Do ADHD medications have long-term effects on children and teens?

Dr. Darria Long Gillespie, MD
Emergency Medicine
ADHD meds have been linked with both short and long-term effects. These can include anorexia (which in some cases could slow growth), insomnia, mood swings and, rarely, the development of tics. Many of these adverse effects are mild, though, and can be corrected by choosing a different drug or adjusting the dose or schedule.
There is a very small risk of sudden cardiac death when taking stimulants, so it’s important to have a child evaluated before starting the medications. The American Heart Association and American Academy of Pediatrics have both said that all children should have a focused history and physical before starting these medications. 
Dr. Michael Roizen, MD
Internal Medicine

Truthfully, we don’t know. The longest well-designed, controlled studies have only examined the effects of ADHD medications for a few years. Longer studies cannot be administered for ethical reasons. However, the fact that many kids and teens have taken these medications for years even into adulthood without any known significant, negative long-term effects is encouraging.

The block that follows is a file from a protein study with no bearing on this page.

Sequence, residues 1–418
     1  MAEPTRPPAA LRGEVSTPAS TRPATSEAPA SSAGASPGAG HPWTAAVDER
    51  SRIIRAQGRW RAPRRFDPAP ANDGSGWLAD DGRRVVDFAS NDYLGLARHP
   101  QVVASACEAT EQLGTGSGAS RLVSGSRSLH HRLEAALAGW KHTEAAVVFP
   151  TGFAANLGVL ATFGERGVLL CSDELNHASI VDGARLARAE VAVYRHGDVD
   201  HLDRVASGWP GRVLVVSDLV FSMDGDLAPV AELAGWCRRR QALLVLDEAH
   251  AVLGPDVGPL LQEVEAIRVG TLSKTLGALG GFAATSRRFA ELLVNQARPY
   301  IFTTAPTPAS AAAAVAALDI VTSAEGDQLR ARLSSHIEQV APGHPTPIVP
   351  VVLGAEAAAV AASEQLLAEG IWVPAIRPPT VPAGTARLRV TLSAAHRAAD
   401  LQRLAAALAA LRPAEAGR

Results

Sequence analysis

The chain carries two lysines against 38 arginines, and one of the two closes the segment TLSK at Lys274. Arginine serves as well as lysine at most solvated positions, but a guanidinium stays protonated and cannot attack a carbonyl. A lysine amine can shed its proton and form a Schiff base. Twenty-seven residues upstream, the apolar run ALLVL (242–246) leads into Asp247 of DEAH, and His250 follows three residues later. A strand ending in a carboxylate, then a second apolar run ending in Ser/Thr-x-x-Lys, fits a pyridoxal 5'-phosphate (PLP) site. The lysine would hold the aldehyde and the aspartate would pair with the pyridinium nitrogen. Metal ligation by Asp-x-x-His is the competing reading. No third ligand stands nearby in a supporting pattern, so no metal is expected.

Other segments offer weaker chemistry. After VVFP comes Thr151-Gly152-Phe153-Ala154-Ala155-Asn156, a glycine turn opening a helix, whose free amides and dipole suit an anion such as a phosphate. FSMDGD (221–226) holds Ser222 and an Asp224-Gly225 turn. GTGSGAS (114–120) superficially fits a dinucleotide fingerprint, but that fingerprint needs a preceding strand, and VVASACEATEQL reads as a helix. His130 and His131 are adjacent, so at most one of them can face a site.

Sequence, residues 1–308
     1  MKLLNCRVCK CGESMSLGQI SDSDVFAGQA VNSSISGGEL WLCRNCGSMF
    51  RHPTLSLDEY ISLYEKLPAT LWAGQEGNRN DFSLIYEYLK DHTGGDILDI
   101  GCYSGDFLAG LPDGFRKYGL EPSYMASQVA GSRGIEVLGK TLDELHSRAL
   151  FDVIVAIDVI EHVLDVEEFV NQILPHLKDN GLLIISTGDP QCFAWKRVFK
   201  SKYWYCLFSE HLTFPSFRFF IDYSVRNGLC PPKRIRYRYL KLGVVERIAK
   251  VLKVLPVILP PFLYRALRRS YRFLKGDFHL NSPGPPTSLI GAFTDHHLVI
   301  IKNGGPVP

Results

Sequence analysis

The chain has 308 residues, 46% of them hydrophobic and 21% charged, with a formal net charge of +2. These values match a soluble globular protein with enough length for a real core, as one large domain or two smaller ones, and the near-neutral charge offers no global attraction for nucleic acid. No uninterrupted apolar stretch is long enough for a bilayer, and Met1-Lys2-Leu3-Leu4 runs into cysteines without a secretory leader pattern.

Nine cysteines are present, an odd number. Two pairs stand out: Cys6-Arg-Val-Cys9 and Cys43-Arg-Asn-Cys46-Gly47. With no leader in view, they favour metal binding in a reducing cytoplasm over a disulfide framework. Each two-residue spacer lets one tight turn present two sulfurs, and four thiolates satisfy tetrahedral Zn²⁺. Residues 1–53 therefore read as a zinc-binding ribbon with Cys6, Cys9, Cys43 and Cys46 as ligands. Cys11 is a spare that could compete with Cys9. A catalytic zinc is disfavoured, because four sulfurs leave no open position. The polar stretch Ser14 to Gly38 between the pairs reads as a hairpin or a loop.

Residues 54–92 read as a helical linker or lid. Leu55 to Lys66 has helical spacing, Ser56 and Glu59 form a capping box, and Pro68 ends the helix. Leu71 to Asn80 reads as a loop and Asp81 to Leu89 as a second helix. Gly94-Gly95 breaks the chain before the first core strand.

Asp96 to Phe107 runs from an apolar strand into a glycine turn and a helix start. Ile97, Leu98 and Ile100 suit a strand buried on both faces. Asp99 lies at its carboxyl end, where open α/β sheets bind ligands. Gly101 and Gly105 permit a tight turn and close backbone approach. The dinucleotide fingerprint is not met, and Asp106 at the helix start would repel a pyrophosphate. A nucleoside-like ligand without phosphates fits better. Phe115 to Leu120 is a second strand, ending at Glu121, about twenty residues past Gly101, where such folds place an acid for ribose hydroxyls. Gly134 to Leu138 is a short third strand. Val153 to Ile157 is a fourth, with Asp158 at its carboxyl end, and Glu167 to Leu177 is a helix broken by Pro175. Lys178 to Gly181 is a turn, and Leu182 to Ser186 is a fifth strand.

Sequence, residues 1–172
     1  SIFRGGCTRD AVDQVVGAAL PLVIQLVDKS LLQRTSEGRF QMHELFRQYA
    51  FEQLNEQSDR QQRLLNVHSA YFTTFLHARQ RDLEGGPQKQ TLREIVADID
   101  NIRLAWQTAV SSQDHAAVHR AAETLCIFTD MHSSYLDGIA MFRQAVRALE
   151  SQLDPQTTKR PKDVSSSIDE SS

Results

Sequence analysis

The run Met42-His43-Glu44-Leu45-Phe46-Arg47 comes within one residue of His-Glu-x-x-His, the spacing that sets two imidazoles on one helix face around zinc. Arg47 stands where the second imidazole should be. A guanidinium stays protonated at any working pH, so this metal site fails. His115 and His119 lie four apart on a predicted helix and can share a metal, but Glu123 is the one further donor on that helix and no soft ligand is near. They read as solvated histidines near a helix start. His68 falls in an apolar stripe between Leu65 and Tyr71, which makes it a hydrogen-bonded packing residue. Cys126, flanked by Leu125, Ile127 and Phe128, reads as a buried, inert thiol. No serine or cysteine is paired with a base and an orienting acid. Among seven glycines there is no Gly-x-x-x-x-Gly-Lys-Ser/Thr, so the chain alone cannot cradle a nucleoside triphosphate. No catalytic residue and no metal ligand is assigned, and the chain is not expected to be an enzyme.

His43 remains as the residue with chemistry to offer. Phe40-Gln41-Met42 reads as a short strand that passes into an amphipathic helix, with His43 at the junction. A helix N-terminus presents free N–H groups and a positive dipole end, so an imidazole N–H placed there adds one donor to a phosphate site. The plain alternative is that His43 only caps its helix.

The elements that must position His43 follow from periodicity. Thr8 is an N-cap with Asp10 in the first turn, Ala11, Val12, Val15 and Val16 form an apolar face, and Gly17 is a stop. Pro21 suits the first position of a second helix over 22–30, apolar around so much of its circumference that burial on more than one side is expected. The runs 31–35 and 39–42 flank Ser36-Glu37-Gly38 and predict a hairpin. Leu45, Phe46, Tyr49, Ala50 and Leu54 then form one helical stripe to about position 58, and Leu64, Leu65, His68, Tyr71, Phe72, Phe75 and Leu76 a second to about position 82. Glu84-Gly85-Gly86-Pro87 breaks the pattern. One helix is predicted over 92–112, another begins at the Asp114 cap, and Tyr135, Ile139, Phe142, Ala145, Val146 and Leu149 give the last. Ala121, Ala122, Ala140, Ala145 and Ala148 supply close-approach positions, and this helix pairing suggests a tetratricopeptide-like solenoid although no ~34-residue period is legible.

Donna Hill Howes, RN
Family Medicine
Medications for attention deficit hyperactivity disorder (ADHD) do not seem to cause any long-term harmful effects, according to the National Resource Center on ADHD. Parents often wonder whether the use of stimulant medications during childhood leads to drug problems later in life.

Many research studies have analyzed this question. The research results have been mixed, but most professionals believe that when children take these medications as directed, they are not more likely to have substance abuse problems during their teenage and adulthood years than other people. On the contrary, people with ADHD who were not treated for the disorder are more likely to abuse alcohol and drugs as they grow up than those who received regular treatment.

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Important: This content reflects information from various individuals and organizations and may offer alternative or opposing points of view. It should not be used for medical advice, diagnosis or treatment. As always, you should consult with your healthcare provider about your specific health needs.